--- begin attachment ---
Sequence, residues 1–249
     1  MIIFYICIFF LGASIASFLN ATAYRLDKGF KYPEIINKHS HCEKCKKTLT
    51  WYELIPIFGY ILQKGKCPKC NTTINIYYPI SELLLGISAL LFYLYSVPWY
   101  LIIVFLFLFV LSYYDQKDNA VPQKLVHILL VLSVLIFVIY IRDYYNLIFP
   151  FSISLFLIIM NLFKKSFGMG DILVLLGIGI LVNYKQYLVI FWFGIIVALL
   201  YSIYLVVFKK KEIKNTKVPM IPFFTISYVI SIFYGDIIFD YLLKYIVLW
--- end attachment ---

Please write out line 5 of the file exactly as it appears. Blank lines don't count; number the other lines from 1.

   151  FSISLFLIIM NLFKKSFGMG DILVLLGIGI LVNYKQYLVI FWFGIIVALL